As a young child, years before the first Harry Potter book was published, I sat at my mother’s kitchen table mixing together anything I could find into a tall glass and calling it a potion. Now, this was just pure imagination and I’m sure that none of my concoctions were palatable, possibly even so bad that I’ve blocked out having tried them, but why did I even partake in this activity? Why did I also make all sorts of rather insane looking robots out of empty tins leftover from dog food, popcorn, or cookies? Well, this may just be simple childhood creativity (before the internet came into existence), but it may also serve as a clue as to why some people choose to pursue a STEM (Science, Technology, Engineering, and Math) career, or even just possess a strong interest in STEM, over other options.
You may have heard of something called the “maker movement” or heard the buzzword ”tinkering” being discussed in the field of education lately. The maker movement is discussed in the education field as a powerful way for students to learn, especially when it comes to concepts that appear difficult or too abstract. It’s hands-on learning involving everything from 3D printing, to robotics, to sewing; basically, it encourages an explosion of creativity. The maker movement provides an outlet and way for all students to learn based on that one key ingredient that every child possesses: imagination. While a makerspace — a workspace that is supplied with all the ‘maker’ materials one could hope to have — tends to be spoken about primarily when discussing STEM classes and the influence they may have on those who go into STEM careers, making is easily integrated across disciplines and is beneficial to a student’s self-efficacy in terms of problem solving.
Here at Indiana University, we have our very own makerspace, the Make Innovate Learn Lab, which I was lucky enough to recently visit and get a chance to ‘play around’ with some of the items available for use. The MILL, as it’s commonly called, is located in the IU School of Education and contains laser cutters, 3D printers, LEGOS®, crafting materials, and all sorts of items that future educators and IU researchers are using, in order to eventually incorporate these types of activities into classrooms, and improve student learning overall. Just walking past the MILL tempts you to go and find the person who has the key so that you may go inside and start building something — anything! Items I have seen on display as I walk by include laser etchings of various animals, T-shirts with beautiful patterns, 3D printed architectural structures, and a wooden T-Rex (only about 10 inches high, sadly). Beyond the computers and 3D printers, you can also see bins full of fabric, pipe cleaners, circuits, tools, wires, and yarn — just to mention a few things. I was able to visit the MILL with Dr. Adam Maltese and his pre-service secondary science education students, who had not been previously exposed to makerspaces in their K-12 schooling. Nevertheless, these students were excited to learn how they might bring these types of activities into their own science classrooms one day. I was even able to work with one group to build a robot on wheels! Although we were at first frustrated with the building process, once it started working it was amazing. At least one of us was also able to drive it in a straight line (it was not me).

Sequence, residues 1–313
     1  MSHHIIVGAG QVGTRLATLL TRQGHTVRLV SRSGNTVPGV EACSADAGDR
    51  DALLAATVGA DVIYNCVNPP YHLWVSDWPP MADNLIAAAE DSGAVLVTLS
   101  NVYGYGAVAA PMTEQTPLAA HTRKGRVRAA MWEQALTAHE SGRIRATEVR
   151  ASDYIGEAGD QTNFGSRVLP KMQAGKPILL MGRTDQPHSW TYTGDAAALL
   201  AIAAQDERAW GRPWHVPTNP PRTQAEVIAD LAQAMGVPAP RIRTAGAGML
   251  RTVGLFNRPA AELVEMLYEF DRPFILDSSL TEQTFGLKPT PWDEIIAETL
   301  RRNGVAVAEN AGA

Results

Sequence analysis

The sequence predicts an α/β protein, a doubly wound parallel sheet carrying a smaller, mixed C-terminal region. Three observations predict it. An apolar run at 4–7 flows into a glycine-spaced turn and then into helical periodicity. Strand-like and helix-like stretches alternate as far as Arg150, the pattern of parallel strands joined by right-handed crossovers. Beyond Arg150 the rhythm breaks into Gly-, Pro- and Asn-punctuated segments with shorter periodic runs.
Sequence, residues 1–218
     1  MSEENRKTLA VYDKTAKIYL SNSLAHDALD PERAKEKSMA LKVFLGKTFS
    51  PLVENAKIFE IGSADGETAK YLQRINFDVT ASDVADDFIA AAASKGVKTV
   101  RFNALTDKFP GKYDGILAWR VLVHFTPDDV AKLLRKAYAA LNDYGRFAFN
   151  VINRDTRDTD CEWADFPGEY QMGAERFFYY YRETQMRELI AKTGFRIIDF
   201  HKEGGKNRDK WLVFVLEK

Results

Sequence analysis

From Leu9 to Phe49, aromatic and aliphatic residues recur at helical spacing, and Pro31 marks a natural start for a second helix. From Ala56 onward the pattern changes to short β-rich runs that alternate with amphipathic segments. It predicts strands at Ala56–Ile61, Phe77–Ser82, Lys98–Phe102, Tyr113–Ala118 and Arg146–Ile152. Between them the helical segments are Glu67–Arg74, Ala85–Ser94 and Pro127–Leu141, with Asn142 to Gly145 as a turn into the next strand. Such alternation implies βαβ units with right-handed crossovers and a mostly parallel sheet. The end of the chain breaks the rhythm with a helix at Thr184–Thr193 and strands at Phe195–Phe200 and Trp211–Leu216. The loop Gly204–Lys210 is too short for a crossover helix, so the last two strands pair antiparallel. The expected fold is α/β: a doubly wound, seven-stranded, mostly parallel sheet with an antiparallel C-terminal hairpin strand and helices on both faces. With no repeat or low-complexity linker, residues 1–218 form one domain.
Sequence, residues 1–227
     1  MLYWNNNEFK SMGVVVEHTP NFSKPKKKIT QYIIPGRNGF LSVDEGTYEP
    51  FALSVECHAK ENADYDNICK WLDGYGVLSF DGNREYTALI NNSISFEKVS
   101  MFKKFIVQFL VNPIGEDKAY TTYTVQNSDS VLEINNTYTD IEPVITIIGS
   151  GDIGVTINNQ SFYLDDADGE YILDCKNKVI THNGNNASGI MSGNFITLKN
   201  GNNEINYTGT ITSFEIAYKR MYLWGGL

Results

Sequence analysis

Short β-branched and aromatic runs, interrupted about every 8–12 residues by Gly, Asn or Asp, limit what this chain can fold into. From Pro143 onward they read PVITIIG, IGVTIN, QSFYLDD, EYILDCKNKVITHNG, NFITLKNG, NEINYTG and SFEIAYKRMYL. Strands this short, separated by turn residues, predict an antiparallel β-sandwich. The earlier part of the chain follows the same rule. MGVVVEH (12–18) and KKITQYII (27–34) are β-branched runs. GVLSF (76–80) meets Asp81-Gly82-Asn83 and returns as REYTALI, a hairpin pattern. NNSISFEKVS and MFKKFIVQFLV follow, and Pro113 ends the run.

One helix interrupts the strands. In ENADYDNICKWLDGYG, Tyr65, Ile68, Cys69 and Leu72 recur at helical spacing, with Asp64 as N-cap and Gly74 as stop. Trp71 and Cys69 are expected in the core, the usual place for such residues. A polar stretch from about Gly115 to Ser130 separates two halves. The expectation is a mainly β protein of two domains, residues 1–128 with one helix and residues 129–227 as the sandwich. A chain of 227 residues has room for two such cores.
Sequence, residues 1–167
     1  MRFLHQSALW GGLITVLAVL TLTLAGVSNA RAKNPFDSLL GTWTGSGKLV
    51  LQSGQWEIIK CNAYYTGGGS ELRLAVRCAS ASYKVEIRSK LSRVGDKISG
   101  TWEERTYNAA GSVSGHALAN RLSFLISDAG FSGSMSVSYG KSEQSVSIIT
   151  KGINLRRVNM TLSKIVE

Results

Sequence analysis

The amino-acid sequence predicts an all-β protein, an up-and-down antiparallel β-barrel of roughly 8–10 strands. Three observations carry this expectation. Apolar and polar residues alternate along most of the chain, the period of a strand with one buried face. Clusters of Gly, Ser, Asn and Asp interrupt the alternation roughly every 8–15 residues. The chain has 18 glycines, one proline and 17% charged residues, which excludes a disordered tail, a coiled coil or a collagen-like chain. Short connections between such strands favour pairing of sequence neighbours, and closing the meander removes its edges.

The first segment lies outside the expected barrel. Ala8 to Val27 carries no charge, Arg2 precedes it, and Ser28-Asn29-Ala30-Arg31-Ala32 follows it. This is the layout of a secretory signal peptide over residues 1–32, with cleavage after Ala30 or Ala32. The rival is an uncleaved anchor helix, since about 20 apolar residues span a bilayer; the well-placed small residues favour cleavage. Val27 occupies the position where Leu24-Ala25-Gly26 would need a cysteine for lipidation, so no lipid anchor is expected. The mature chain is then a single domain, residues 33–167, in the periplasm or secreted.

So, should making be a focus to encourage more people to go into a STEM career? Maybe. That point is still being actively researched at IU and elsewhere, but the bottom line is that hands-on learning is vital for education across disciplines and leads to students being more adept at solving problems and thinking critically. Not to mention that tinkering is just plain fun; my mom still has a picture of one of my tin robots, Henry.